THE TAROT WHEEL ACCORDING THE MARSEILLE TAROT
At this stage, you might admire the structure of the Tarot Wheel as presented on the previous pages. Or on the contrary, you might ask yourself an important question. If the structure of the Este Tarot is the original, then how to explain that other versions are existing with significant variations in the ordering of the Trumps, differences that are much greater than those observed with the Visconti Sforza?
To answer this question, we will consider the best known of all historical Tarot versions, the Tarot of Marseille. In fact, the Italian Tarot was specially made for the Italian aristocracy. From every deck, there existed only one single hand-painted version. This aristocracy was well-educated, and they were very well aware of the classic writings of Plato. The Tarot of Marseille, on the contrary, was a printed deck, with as target anyone loving card playing. To make the principles of the Tarot accessible to less educated people, simplifications where necessary. And together with the simplifications at the same time some clearer symbolism appeared on the cards, certainly to reinforce the ideas behind the cards.
The most difficult task was to translate the hand-painted Italian Trionfi structure, based on classical theories that few people knew, to understandable images for less educated people. While making little changes to the 22 images of the Trumps, links to classical writings had to be avoided, to give more understandable symbols related to daily life. The Roman Catholic Religion had to replace the classic philosophy. With these terms of reference, the Italian aristocratic Trionfi decks evolved to printed Tarocchi decks, and later to the Tarot of Marseille.
The order of the trumps on the Tarot of Marseille does not at all correspond with the order as we have seen on the original deck made in Ferrara. The key to the order that is used here is every third card. Because the trumps start with number 0, these numbers are 2, 5, 8, 11, 14, 17 and 20. Every one of these cards represents directly or indirectly one of the seven Virtues:
My conclusion is that the cards numbered 2 and 5 represent the theological Virtues Faith and Hope.
Revelation 22:16 - I Jesus have sent mine angel to testify unto you these things in the churches.
I am the root and the offspring of David, the bright and morning star.
The Morning Star is a direct reference to Jesus. On the Este deck, we see two astrologers making calculations when they see the Star of Bethlehem appearing, announcing the birth of Jesus. On both cards, the star is a reference to Jesus. Jesus by himself symbolizes the Love of God, who has sent his one son to Earth, to die to save humanity. The Love of God, Charity, is the third theological Virtue.
In conclusion, the trump cards in each third position, represent the seven Virtues, respectively Faith (2), Hope (5), Justice (8), Strength (11), Temperance (14), Charity (17) and Prudence (20). We still easily recognize the three levels of the Soul, the first six cards representing Society, the next nine cards the Hardship of Life and the last six cards the Ascent to Light. So at the base level the three groups of seven cards have changed in size, and we have to organize them differently. The Tarot of Marseille is clearly subdivided in seven groups of three cards, with every group consisting of one pair of two closely linked cards, topped up by a Virtue. In fact, it goes even further. The last two Virtues, together with the World, relate directly to the Trinity. The Star represents God the Son, the Angel the Holy Spirit and the World God the Father.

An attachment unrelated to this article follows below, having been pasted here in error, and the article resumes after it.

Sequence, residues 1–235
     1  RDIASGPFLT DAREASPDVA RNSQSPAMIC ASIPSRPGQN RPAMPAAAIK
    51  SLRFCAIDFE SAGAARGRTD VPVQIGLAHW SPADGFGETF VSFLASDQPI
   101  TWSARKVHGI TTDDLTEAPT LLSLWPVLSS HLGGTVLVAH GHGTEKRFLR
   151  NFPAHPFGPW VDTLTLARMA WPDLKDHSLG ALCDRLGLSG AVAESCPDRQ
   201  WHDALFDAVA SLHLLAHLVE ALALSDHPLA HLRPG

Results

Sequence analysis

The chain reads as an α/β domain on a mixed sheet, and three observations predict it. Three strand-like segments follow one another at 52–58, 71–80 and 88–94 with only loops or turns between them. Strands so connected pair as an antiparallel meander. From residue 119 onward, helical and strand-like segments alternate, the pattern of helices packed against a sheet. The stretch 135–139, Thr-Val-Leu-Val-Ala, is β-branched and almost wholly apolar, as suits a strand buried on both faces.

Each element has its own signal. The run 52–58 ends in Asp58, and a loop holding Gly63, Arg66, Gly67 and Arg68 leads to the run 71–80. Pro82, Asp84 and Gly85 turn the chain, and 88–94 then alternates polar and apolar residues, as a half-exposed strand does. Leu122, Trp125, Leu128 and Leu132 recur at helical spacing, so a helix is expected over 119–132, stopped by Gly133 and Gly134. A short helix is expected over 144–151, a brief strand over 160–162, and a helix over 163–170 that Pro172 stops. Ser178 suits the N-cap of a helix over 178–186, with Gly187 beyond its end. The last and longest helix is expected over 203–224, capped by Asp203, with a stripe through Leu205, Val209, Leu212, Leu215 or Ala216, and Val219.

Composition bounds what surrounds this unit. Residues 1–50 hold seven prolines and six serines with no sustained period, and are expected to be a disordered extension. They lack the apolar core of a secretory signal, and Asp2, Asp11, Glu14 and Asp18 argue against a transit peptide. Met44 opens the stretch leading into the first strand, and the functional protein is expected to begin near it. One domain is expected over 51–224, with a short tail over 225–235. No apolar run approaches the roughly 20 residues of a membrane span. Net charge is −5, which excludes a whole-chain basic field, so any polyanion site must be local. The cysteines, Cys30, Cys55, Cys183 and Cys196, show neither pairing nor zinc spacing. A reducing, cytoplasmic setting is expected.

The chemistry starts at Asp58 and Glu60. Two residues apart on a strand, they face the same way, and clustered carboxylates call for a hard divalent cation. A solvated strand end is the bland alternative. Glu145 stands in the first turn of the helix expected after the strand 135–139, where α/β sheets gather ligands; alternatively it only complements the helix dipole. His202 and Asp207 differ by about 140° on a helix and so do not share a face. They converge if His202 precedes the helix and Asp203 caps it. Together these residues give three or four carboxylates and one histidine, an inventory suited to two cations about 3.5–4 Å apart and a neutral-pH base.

After this introduction, let us recall the order of the Tarot of Marseille using the spelling used on the Tarot of Jean Noblet:
(the Wheel of Fortune)
(the Hanged Man)
(the God House)
As we have seen, there is a clear trinary structure in this order. In the Tarot de Marseille, seven groups of three cards represent each a specific entity, with a closely related pair on the base, and a third card who represents a Virtue
The last card of the Marseille tarot is the World. We see a naked figure in a Mandorla, man and woman at the same time, representing God the Father, with around him the four living creatures representing the four evangelists. The card is called the World. This name is due to the limited knowledge that the ancient people had about our environment. In fact, this card represents the unlimited Universe, Eternity and God himself.
As we arrange these seven pairs in a circle, with the seven spiritual cards as spokes of a wheel above them, and we place the World card in the axis of the Wheel, then we have the Tarot of Marseille version of the Tarot Wheel. Again, we have three levels of cards, each with their proper order. On the first level, we have a wheel representing the journey of the Human Soul through Society and the Afterlife, all the way up to God and Reincarnation. On the second level, where we have the spokes of the Tarot Wheel, we see the seven Virtues representing the moral values. Finally, on the third level, in the axis of the Wheel, we find a figure representing the Universe and thus God himself.
The World card, in the axis of the Wheel, representing the whole Universe and thus God, summarizes by itself all elements of the Tarot.
As a conclusion, we can say that the Tarot Wheel, using the concept that the Tarot is representing the human life cycle, the moral values and God himself, can be applied to very different versions of the Tarot. This representation goes very well with the Neoplatonic versions of the Tarot, as imagined by Italian aristocracy as we have seen with the Este Charles VI Tarot and the Visconti Sforza Tarot, but it is also the perfect representation of this cycle for the Tarot of Marseille, a version of the Tarot adapted to the printing press and accessible to a much wider and lesser educated audience.